This article is the first part from the series about my participation in the APEX dashboard competition.
See also the other parts:

About the Dashboard-Competition

The APEX-Community had started the APEX dashboard competition. The task was to develop a dashboard with oracle APEX which visualizes data provided by the Federal Statistical Office. Every participant had to observe some rules. So the submitted application may just have one single page and may not execute any DDL- and DML-scripts as well. However, external JavaScript-libraries were allowed to use, on condition that these are publicly available under an open-source license.

Features of my Dashboard

My submitted dashboard can be found at I wanted to create a dynamic dashboard, which allows every user to create their own dashboard-views in the way they want to. So, in the submitted version, one can choose from 20 different reports which can be displayed in four different sizes and three different chart-types. You can see here how it works. After creating some charts, these can be save as a dashboard set. The application creates automatically a JSON-string, which represents the created set of charts. With this JSON-string, it’s easy to share your created dashboard with other users. They just have to copy the provided string into their application and save it as a new dashboard set.
The provided data from the Federal Statistical Office contains several categories, like population-, traffic- and agriculture-data. So I needed to find a proper way to display all the 20 different reports in order to provide a nice user-experience. So I formed a very special concept; I had the idea to recreate the Theme-Roller, which is used by the APEX application builder. The Theme-Roller consists of several tabs which are a nice way to display different reporting-categories.

The Dashboard-Builder Creation-Process

So I just started to analyze the Theme-Roller in order to recreate it as my “Dashboard-Builder”. The Theme-Roller itself is just a JQuery-UI-Dialog. The contained tabs are implemented via the JQuery-UI-Accordion-Widget. I opened the theme-roller in my application and copied its HTML-code via the browser-developer-tools into a new region. With this, I had a basic structure which could be used for my purposes. I deleted all included tabs except one. I stumbled across a little problem, when I tried to open the copied Theme-Roller as a dialog; It only worked if the original Theme-Roller has been opened after page-load, since the files are loaded on demand. So I had to copy the JavaScript- and CSS-files into my application, which are used by the Theme-roller. I found these under the following location:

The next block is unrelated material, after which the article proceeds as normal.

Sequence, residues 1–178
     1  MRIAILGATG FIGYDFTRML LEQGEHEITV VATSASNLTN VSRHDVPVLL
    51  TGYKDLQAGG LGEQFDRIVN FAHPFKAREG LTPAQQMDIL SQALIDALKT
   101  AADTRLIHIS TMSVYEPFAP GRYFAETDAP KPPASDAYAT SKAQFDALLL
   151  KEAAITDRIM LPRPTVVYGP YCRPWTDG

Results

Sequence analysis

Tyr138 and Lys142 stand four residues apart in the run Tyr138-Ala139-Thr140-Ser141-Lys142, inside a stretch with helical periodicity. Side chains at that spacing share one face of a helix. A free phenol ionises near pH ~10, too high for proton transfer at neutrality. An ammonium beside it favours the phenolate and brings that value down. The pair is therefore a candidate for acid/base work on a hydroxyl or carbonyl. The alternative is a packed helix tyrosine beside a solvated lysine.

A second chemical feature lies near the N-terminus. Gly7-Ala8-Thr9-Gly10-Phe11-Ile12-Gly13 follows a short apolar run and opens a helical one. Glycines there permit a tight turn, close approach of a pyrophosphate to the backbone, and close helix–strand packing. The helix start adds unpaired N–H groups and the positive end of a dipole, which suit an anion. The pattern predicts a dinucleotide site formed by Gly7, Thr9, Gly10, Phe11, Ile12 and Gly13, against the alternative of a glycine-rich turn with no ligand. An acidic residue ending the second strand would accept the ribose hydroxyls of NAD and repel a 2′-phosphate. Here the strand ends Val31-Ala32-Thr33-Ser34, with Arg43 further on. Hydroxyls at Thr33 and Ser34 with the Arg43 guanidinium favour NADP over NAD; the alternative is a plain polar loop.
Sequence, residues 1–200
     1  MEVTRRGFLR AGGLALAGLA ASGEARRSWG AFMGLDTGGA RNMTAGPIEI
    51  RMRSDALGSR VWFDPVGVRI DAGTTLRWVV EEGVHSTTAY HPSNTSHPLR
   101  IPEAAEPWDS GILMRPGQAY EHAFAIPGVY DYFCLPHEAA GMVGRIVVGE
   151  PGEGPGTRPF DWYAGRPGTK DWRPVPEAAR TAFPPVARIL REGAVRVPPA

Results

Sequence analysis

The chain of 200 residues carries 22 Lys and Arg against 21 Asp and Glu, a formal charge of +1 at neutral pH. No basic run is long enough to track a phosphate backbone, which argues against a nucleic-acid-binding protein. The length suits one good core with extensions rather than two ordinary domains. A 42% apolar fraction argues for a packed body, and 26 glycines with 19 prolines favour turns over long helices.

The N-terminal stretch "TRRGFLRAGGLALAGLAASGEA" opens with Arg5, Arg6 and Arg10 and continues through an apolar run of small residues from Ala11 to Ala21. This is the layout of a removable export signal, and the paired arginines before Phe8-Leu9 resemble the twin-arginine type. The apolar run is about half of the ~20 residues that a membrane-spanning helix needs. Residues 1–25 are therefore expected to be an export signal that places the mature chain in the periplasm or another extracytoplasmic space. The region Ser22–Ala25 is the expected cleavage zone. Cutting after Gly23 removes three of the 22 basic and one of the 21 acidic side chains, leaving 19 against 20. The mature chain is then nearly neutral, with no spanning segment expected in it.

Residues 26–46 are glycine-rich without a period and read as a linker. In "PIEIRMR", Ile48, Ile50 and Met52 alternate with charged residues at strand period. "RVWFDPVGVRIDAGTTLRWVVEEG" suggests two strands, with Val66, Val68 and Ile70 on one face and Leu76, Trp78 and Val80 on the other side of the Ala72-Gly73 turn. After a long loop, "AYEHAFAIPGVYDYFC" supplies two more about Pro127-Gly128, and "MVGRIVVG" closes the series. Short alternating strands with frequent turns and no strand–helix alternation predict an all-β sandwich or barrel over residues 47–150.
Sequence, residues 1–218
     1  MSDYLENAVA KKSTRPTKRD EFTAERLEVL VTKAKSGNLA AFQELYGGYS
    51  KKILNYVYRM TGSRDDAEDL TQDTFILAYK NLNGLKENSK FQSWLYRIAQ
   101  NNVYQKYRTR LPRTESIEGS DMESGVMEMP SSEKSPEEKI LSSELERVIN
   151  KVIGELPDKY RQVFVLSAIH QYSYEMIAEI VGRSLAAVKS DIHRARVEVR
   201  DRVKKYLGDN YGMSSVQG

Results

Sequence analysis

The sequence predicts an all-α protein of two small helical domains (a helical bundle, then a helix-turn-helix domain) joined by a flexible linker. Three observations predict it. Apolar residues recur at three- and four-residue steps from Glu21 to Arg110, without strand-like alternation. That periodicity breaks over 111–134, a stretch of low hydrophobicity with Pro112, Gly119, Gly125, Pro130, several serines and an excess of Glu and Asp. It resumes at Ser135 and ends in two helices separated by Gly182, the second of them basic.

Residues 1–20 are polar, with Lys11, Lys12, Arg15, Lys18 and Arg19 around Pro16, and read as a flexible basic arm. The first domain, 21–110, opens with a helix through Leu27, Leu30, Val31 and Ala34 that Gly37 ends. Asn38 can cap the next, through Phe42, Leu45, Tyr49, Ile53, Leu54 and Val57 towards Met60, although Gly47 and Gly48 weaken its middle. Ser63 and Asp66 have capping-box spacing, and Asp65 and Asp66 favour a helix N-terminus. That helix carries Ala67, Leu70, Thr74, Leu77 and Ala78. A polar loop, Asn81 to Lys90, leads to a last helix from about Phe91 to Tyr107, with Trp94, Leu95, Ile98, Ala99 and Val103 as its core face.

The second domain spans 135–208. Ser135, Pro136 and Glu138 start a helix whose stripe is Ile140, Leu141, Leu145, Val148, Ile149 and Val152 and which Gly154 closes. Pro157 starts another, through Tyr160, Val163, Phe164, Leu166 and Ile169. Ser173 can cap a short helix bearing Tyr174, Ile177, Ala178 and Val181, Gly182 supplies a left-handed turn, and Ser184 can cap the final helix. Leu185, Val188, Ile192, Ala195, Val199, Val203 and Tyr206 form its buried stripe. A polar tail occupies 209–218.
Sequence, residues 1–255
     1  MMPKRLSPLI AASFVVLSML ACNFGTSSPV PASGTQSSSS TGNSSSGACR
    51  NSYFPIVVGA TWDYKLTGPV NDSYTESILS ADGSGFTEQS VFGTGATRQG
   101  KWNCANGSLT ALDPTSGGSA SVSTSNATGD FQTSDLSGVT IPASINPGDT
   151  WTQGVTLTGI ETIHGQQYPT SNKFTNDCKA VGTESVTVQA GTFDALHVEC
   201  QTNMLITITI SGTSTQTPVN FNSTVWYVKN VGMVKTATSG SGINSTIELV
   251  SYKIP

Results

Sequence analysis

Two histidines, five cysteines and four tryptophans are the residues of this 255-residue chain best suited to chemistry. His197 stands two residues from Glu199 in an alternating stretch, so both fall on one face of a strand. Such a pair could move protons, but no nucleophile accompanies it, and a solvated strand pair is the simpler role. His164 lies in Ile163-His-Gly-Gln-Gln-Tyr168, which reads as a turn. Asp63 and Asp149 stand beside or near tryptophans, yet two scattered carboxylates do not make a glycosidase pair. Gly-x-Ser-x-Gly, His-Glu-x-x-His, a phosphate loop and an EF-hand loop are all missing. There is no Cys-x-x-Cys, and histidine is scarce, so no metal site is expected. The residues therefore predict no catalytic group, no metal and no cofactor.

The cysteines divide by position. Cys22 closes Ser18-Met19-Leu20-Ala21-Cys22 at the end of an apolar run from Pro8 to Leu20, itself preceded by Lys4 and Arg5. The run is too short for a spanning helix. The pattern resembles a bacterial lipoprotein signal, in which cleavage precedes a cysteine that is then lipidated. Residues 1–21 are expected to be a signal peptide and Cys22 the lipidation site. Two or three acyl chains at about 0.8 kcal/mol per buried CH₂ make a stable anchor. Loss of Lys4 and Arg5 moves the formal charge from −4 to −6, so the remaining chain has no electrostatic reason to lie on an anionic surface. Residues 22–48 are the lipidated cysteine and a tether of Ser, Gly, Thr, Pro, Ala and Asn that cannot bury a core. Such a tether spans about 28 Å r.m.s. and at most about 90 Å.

After including both of them, the Jquery-Ui-Library was available and i just had to apply the following function, in order to make It work:
Code1: Dashboard-builder initialization
Figure1: The original Theme-Roller
In my Dashboard-Builder, each of the displayed tabs is an own region. In order to achieve this kind of view, I created two different templates. The first one contains the copied basic structure of the Theme-Roller.
Code2: Excerpt from the Region-Template
The code has been extended by some identifiers like „#SUB_REGIONS#“, in order to include sub-regions and buttons. Because the used sub-regions are mainly standard-reports, I needed a second template, which is a report-template. Thanks to these reports, one can easily add new options to choose from. The second template has the following structure:
Code3: The Report-Template
Inside the dashboard-designer, these reports are displaying two colums: A description and a button. This is the result:
Figure2: The Dashboard-Builder structure
The small window next to the dashboard-designer is also made with an own small region-template. This is what the dashboard-builder looks like in the page-designer:
Figure3: Regions in the Page-Designer

In the next part of this series

So i showed you how the Dashboard-Builder works. In part2 of this series, you will see the creation-process of the dashboard-sets.

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